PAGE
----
What if You are Not in Imminent Danger?
Even if a worker is not or does not believe they are in imminent danger, it would still be in their best interest to report an unsafe working condition. A worker can start by discussing the issue with their supervisor or the company’s Human Resources department first.
If the employer refuses to resolve the issue, then the worker may file a complaint with either a federal OSHA agency or a state-run program, depending on which statute takes precedence in their jurisdiction. Workers should take care to document all communications regarding their complaint in case they need to provide evidence that supports a future legal claim.
Which Laws Cover Unsafe Work Environments?
As previously discussed, both federal and state laws may provide protections against unsafe work environments. While OSHA offers protection under federal regulations, states may also adopt their own health and safety codes or other labor laws concerning unsafe work environments.
In addition, the National Labor Relations Act (“NLRA”) is another federal law that could be useful when reporting an employer for maintaining an unsafe work environment. The Act prohibits employers from retaliating against workers who engage in certain legally protected activities, such as whistleblowing.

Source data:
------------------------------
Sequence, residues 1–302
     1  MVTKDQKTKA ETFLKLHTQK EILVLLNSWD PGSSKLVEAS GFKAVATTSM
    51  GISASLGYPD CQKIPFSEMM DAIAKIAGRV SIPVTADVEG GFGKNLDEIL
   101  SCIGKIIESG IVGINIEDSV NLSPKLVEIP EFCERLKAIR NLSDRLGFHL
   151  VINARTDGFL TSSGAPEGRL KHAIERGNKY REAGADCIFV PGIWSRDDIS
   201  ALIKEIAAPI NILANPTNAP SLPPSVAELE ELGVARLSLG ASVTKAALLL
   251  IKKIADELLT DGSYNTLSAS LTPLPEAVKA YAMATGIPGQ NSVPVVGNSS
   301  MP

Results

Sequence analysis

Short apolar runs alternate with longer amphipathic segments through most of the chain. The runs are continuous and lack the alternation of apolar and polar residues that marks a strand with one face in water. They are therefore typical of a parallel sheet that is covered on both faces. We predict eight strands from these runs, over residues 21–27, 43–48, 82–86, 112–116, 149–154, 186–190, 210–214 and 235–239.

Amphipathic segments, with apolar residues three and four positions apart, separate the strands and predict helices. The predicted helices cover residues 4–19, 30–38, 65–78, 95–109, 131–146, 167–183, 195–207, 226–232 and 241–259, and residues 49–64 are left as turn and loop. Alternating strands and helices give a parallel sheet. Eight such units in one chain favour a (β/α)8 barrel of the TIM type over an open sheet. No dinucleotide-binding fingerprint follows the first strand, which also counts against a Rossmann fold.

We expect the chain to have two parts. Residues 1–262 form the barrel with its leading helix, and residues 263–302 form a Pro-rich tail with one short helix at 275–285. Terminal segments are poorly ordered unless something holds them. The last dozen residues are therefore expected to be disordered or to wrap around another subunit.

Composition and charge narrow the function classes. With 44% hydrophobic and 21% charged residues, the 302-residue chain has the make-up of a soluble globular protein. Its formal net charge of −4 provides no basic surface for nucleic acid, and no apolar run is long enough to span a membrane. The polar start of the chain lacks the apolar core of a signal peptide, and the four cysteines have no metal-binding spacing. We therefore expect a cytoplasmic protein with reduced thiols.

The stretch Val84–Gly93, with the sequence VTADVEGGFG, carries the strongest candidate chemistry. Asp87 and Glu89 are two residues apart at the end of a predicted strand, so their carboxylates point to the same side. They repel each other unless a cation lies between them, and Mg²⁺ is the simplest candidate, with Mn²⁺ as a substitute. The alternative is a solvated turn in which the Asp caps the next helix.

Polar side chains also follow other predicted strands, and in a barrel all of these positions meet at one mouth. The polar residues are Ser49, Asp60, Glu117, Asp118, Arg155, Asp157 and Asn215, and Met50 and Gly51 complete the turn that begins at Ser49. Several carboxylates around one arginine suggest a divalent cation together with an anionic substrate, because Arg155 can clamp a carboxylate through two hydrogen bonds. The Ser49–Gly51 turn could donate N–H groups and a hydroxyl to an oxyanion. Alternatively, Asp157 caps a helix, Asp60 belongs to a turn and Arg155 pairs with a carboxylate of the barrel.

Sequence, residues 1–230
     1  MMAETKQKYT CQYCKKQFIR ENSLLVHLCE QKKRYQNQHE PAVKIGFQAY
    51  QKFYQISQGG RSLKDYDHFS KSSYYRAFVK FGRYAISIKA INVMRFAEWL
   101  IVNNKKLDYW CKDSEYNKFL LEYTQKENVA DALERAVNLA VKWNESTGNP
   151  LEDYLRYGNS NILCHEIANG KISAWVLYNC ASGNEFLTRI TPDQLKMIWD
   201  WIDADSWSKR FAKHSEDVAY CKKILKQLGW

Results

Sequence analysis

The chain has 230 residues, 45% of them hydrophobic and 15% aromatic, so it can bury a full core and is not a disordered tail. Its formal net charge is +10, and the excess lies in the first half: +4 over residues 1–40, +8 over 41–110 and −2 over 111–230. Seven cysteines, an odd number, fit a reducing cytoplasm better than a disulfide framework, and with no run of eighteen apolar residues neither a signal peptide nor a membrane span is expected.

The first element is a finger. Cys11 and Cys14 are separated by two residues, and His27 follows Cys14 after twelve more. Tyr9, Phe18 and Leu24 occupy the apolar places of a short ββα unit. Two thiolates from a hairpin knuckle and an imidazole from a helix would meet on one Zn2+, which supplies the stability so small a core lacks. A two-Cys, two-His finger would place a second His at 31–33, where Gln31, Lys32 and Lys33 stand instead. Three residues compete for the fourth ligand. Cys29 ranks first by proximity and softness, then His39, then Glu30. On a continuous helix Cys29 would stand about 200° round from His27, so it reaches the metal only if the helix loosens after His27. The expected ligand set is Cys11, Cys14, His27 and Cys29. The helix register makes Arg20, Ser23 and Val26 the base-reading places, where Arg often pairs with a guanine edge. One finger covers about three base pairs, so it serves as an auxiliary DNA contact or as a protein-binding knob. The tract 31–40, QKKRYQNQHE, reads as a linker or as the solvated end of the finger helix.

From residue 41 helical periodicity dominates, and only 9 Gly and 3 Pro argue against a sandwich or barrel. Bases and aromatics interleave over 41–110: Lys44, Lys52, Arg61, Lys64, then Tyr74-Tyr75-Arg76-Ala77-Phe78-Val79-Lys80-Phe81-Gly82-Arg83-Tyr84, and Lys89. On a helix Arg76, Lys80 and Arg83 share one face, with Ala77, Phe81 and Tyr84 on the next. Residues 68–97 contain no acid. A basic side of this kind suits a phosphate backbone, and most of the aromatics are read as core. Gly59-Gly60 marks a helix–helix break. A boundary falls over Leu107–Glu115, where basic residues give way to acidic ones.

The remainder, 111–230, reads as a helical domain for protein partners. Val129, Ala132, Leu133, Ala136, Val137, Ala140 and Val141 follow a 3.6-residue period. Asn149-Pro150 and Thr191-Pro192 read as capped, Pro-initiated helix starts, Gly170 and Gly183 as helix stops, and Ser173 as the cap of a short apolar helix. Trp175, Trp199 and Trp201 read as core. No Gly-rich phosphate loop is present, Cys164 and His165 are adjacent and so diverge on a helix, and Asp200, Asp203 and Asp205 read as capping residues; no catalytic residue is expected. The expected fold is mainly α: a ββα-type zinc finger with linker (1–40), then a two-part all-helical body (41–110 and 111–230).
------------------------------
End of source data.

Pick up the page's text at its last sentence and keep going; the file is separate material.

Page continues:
The NLRA also permits members of labor unions to advise employers on how to improve upon workplace conditions and ensure that employers are in compliance with safety and health standards under the relevant laws (e.g., the OSH Act).
What are the Remedies in an Unsafe Working Conditions Lawsuit?
Some remedies that a prevailing plaintiff may be able to collect in an unsafe working conditions lawsuit can include:
- Injunctive relief to stop an employer from continuing to employ unsafe working practices;
- A court-order that mandates an employer modify company health and safety policies;
- Monetary damages, such as lost wages, lost benefits, back pay, front pay, etc.;
- Reinstatement to their former position if terminated due to filing a complaint;
- Punitive damages in extreme cases;